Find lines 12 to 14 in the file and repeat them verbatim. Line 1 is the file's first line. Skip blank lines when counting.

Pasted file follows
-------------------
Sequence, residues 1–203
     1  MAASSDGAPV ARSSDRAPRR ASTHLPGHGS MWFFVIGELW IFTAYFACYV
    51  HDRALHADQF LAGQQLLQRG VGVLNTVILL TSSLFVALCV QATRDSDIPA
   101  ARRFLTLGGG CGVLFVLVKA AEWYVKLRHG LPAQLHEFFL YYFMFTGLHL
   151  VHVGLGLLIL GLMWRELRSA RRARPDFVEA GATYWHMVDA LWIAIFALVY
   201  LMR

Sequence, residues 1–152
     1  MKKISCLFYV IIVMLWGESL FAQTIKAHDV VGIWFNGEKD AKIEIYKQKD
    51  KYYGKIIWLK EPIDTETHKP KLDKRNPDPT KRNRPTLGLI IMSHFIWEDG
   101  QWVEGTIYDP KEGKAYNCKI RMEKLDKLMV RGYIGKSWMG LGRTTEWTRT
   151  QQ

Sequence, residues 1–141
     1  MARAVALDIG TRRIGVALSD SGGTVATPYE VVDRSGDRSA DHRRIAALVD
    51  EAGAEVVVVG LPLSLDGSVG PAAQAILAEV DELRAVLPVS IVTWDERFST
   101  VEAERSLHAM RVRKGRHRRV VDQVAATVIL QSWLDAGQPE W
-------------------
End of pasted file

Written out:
Sequence, residues 1–141
     1  MARAVALDIG TRRIGVALSD SGGTVATPYE VVDRSGDRSA DHRRIAALVD
    51  EAGAEVVVVG LPLSLDGSVG PAAQAILAEV DELRAVLPVS IVTWDERFST